• In total, demand for electric powered STOVs will increase to over 300,000 vehicles in 2021.
  • The demand for non-fleet golf car type vehicles will more than offset the slight decline in the fleet golf car market, moving from under 50% of the total demand to over 50%.
  • Light utility vehicles produced by golf car and other manufacturers are expected to grow approximately 10% annually to 2021.
  • PTVs will continue to grow low single digits during the trend period and electric powered PTVs will slowly increase to represent nearly 75% of the market by 2021. LSVs will account for about one-fifth of the PTVmarket.

Metzger, states that, “The potential for even greater electric powered STOV growth is there. In the PTV market the combination of market forces and emerging technologies could greatly increase the applicability of PTVs. Increasing urbanization is expected to create congestion and pollution issues, and the search for new transportation solutions. The advent of self-driving vehicle technology along with improved battery technology creates the potential for mobility platforms that can in part be based on small PTVs.” He further notes, “Gated communities with their more controlled environments could prove to be excellent testing grounds and the concepts could then migrate to urban environments that are well suited to low speed vehicle operations.”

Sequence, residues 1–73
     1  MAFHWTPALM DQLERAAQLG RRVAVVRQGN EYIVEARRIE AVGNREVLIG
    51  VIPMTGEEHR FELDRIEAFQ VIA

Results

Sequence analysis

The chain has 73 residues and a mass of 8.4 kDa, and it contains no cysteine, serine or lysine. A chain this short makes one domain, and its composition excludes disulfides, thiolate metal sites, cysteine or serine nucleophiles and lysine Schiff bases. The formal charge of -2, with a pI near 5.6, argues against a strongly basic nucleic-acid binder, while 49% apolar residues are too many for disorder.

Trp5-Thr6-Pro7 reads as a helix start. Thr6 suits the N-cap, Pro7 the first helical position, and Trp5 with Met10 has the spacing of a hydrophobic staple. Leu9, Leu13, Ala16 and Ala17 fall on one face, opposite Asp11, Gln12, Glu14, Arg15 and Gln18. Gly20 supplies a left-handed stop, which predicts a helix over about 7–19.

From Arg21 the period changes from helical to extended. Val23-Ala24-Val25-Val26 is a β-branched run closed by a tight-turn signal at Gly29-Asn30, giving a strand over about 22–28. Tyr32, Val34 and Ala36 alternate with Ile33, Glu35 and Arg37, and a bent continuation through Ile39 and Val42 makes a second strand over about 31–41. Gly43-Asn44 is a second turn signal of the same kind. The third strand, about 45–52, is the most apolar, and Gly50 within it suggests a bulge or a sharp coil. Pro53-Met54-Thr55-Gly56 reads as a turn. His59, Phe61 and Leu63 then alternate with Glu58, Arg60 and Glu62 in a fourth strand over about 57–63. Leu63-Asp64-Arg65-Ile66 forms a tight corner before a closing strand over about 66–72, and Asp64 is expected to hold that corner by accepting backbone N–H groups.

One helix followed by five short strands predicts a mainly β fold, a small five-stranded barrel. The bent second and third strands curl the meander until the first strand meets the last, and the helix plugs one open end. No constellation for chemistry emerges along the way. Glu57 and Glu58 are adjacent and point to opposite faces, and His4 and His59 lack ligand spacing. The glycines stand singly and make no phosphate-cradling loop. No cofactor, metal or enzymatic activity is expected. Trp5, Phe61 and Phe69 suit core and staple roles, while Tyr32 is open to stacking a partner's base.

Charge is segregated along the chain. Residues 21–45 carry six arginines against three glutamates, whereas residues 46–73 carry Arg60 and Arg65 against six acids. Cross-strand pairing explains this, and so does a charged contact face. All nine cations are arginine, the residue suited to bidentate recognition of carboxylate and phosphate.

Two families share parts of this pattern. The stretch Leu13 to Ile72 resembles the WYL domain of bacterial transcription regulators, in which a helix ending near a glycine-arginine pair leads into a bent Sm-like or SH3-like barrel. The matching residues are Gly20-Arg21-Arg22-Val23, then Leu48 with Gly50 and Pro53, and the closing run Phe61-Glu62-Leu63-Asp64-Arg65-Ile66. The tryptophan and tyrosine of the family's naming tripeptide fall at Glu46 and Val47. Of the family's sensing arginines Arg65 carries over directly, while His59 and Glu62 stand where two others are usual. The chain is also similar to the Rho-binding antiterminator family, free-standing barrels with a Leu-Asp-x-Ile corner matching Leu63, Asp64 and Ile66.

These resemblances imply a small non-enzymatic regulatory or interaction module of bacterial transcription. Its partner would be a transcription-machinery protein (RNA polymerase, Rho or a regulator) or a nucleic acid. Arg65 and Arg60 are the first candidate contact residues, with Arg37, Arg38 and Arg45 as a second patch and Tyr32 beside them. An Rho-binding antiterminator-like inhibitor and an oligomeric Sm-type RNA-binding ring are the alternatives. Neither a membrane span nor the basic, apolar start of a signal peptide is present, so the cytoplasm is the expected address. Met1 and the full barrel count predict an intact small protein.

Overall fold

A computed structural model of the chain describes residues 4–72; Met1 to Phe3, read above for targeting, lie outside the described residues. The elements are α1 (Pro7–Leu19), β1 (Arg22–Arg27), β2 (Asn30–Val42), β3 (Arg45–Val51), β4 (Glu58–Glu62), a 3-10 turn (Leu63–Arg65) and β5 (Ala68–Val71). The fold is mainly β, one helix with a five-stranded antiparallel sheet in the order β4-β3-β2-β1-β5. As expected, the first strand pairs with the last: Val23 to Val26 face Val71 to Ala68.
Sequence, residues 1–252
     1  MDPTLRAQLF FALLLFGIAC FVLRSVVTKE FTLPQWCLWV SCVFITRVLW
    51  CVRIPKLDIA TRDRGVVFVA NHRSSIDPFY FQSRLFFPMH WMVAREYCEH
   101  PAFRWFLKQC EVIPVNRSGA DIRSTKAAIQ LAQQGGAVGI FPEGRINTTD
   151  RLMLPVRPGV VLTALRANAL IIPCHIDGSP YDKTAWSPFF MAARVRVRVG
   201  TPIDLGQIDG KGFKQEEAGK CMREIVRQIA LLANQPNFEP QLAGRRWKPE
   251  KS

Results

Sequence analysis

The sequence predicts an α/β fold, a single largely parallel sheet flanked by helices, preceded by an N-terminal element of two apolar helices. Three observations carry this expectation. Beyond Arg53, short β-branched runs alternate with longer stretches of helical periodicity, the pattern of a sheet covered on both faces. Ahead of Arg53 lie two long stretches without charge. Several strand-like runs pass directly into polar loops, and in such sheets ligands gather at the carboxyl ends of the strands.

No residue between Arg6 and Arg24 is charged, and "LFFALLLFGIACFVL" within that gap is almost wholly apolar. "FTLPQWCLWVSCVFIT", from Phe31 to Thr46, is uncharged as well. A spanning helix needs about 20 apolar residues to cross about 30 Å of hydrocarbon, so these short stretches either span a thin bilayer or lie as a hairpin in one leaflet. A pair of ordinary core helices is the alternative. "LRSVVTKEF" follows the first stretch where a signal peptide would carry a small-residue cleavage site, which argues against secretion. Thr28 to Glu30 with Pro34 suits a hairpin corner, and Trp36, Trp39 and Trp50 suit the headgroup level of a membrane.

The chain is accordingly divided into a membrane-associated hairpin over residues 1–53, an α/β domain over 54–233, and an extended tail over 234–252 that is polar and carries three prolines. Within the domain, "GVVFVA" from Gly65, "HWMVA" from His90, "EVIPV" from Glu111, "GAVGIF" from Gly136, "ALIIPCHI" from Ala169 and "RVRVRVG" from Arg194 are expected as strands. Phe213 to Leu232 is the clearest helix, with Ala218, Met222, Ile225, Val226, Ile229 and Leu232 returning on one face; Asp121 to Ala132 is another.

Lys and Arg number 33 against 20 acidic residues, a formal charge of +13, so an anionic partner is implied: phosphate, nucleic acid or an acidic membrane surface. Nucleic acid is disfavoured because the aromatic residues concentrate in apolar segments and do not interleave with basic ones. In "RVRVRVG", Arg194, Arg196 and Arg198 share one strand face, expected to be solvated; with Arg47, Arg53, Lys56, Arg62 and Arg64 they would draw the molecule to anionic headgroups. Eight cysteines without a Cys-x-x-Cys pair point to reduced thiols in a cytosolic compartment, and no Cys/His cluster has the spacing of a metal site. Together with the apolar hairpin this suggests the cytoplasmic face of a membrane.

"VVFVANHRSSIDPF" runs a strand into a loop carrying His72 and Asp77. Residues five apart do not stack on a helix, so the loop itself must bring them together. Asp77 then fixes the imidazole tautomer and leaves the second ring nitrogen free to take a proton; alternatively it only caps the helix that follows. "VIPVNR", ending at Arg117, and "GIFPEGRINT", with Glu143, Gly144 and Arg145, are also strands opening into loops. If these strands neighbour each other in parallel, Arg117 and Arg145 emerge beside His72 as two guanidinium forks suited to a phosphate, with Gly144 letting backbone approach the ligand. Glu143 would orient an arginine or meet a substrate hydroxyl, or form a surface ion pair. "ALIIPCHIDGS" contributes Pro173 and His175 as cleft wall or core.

The new study, the eighth in the series of studies produced by SVR since 2000, covers utility, off-road, and personal transportation vehicles, and fleet golf cars.

The study is entitled, 2017 Market Report on the Small, Task-Oriented Vehicle Industry: Transition and Growth –Trends from 2012; Forecasts to 2021. 

For additional, detailed information on study content a brochure is available with a table of contents ( Small Task-Oriented Vehicle Study – Analysis & Forecast (PDF)) or contact:

Steve Metzger,  smetzger@smallvehicleresource.com

(914) 293-7577

UPS to Use Golf Cars for Residential Deliveries in Kentucky

UPS golf cara

A UPS delivery golf car in use in another state.

The United Parcel Service is planning on using golf cars to deliver packages in residential areas in Kentucky. The state government recently passed a law that will allow the use of golf cars or low speed vehicles for commercial delivery in residential areas.

The plan is to use the vehicles during the peak November to January delivery season, with Louisville as a potential location. The golf car or LSV would be stored in the neighborhood in a portable storage unit, and packages would be delivered to the unit as well. A driver would then deliver packages to the local neighborhood. The vehicles would be modified to carry packages and bear a UPS logo.